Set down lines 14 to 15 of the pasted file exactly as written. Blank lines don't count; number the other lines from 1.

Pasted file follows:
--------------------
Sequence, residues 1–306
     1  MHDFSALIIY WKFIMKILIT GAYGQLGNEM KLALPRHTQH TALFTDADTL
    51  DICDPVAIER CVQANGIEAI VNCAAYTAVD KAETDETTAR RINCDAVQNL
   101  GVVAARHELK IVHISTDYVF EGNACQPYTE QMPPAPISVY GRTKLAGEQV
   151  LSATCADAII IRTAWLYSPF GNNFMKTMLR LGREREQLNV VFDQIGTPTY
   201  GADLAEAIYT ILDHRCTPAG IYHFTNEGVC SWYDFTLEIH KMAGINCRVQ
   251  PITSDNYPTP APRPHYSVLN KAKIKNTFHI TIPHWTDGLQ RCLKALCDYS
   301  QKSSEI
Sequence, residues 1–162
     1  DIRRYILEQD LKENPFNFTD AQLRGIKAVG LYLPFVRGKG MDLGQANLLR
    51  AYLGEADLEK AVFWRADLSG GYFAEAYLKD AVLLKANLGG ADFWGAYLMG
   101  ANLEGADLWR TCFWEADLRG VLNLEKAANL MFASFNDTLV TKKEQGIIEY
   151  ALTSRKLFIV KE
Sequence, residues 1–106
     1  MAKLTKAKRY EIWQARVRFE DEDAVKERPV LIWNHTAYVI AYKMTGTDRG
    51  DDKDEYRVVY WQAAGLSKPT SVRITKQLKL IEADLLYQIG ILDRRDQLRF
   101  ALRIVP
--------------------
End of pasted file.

Sequence, residues 1–106
     1  MAKLTKAKRY EIWQARVRFE DEDAVKERPV LIWNHTAYVI AYKMTGTDRG